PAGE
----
I have a problem with this SAT question

So I'm playing around with SAT questions and I stumble upon this.

After about an hour of trying I can't seem to get it right:

Question: http://s3.postimage.org/wel17i1cj/bugproblem.png

So I read the explanation which infuriated me (or perhaps made me feel very stupid, we'll see).

Am I right when I say that they are asking you to solve for $\displaystyle s(10)$? They then go on to say that $\displaystyle s=100$ which is all fine and dandy but then the function would read: $\displaystyle 100(10)=$ right? Which makes no sense.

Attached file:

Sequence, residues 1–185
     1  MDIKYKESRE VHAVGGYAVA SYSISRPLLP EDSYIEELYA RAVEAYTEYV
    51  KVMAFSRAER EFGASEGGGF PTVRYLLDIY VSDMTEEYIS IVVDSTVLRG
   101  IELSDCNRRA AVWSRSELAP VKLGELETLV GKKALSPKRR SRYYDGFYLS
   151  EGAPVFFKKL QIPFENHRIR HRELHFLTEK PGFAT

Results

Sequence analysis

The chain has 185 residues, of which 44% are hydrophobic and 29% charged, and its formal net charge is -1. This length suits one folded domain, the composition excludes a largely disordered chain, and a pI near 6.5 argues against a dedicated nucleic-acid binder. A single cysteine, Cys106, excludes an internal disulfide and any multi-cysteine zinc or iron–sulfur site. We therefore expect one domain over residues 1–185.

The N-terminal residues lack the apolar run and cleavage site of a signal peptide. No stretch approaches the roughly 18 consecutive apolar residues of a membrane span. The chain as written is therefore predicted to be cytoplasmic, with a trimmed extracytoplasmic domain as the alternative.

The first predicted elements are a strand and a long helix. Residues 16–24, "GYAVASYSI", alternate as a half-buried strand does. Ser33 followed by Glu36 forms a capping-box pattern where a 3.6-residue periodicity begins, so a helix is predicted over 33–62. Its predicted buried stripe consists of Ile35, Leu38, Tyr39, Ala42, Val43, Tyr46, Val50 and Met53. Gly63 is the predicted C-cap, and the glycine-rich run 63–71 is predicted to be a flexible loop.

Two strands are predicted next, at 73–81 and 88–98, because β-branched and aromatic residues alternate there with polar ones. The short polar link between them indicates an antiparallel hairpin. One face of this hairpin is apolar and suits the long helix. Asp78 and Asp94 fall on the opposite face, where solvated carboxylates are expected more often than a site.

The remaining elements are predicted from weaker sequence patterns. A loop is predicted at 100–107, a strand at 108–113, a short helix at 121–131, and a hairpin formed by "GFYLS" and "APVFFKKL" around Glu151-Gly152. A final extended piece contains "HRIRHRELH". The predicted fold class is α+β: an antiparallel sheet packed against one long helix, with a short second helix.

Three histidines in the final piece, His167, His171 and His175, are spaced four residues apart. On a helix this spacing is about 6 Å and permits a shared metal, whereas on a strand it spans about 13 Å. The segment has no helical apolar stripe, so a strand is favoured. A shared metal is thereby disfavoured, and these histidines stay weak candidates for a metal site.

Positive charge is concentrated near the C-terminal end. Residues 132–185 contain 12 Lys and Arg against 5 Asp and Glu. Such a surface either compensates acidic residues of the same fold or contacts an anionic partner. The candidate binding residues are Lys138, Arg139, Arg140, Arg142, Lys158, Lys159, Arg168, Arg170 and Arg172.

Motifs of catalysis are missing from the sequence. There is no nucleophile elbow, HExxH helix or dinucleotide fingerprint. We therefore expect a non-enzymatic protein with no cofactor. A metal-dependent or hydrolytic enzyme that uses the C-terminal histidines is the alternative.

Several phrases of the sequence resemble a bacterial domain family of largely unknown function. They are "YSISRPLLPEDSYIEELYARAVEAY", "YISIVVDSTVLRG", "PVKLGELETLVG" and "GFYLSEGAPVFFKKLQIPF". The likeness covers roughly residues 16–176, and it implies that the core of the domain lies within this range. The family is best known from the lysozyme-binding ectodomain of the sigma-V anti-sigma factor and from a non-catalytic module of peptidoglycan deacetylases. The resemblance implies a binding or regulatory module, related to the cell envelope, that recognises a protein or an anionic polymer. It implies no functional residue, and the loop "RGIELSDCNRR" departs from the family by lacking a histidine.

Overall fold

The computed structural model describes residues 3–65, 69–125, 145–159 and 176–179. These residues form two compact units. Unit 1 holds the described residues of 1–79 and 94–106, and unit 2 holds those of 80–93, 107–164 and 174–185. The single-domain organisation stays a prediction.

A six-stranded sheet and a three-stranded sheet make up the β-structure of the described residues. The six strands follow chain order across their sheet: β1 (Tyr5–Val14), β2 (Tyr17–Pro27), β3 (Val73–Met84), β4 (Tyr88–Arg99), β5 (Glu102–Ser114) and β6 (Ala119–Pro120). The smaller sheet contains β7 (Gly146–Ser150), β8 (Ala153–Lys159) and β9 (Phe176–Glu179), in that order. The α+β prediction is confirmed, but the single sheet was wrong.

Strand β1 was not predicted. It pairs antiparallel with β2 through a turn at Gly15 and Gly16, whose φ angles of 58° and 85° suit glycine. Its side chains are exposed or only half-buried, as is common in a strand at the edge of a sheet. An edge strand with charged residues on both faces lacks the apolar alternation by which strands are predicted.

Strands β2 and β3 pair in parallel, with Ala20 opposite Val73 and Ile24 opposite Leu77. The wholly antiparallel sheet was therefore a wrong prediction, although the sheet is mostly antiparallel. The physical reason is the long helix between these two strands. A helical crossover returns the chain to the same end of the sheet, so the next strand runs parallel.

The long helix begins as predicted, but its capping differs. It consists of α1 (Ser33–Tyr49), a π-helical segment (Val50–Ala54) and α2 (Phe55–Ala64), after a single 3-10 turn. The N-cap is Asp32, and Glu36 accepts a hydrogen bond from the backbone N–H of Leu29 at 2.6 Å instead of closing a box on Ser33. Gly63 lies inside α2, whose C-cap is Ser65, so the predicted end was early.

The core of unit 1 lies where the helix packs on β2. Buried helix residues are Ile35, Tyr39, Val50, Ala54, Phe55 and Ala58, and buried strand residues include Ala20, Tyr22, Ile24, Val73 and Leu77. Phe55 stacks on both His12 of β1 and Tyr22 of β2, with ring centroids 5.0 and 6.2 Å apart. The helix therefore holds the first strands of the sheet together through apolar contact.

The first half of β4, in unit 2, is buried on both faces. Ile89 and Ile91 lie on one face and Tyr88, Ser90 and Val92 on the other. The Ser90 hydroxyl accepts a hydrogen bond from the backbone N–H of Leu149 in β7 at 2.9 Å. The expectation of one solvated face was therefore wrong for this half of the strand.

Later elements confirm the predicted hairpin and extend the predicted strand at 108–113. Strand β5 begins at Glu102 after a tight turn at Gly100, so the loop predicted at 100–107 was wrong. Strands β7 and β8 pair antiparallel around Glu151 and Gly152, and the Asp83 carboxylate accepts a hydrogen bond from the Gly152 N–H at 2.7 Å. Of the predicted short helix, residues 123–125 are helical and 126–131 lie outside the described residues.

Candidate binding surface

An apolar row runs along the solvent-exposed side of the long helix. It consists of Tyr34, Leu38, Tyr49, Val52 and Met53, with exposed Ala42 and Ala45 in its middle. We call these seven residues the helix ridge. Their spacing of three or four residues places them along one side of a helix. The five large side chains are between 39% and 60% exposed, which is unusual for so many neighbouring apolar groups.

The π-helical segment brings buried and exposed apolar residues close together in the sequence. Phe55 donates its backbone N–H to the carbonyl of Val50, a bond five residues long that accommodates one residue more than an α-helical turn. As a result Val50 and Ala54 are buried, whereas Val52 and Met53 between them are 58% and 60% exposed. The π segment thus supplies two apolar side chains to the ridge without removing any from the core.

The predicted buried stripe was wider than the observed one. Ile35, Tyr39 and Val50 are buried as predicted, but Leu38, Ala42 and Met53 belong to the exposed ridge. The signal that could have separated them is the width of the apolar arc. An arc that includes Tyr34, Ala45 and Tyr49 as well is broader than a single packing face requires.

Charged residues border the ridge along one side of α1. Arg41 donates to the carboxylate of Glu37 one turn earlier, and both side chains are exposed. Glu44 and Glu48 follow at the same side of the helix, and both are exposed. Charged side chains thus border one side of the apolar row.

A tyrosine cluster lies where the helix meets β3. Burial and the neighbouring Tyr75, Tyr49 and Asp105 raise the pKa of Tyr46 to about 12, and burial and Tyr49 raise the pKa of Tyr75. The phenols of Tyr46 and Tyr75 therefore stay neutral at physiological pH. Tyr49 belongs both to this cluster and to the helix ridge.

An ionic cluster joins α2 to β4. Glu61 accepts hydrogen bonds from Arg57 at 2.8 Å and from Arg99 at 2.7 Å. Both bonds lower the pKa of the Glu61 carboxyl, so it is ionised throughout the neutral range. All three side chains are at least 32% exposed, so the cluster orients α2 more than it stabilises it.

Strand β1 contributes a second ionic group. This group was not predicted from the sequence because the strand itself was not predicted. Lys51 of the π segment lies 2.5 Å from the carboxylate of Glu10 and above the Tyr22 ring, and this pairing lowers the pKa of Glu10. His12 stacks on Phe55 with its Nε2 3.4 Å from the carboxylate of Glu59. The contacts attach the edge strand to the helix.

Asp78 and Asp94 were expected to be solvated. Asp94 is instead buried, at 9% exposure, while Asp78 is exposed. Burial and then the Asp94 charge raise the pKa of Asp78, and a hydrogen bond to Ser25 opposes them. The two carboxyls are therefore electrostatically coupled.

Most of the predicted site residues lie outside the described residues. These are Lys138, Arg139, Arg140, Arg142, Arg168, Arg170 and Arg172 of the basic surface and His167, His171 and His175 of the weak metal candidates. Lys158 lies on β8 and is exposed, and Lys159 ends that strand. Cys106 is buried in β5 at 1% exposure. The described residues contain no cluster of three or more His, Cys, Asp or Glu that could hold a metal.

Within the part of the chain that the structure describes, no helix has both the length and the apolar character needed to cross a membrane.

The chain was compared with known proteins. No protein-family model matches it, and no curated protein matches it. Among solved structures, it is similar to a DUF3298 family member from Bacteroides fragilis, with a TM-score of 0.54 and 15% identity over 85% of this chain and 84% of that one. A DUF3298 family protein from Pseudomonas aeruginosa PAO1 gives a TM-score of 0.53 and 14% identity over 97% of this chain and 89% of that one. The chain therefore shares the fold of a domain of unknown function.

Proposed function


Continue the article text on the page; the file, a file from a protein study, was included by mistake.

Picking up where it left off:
It's like saying: ''$\displaystyle f(x)=3x$, where f is the number of units sold and x is the price'', which makes no sense what so ever since $\displaystyle f$ denotes a function (same as $\displaystyle s$ in their example).

I'm really confused and a little sleep deprived so bear with me...

Re: I have a problem with this SAT question

They ask you to solve for s(20) and by s = 100, they mean s(p)=100 since s is **a function not a variable **, so they say when p = 10, s=100 or s(10)=100

Re: I have a problem with this SAT question

I really feel like they should state: ''S(P) is the number of units sold''. I've never heard it referred to like that. ''S is the number...''..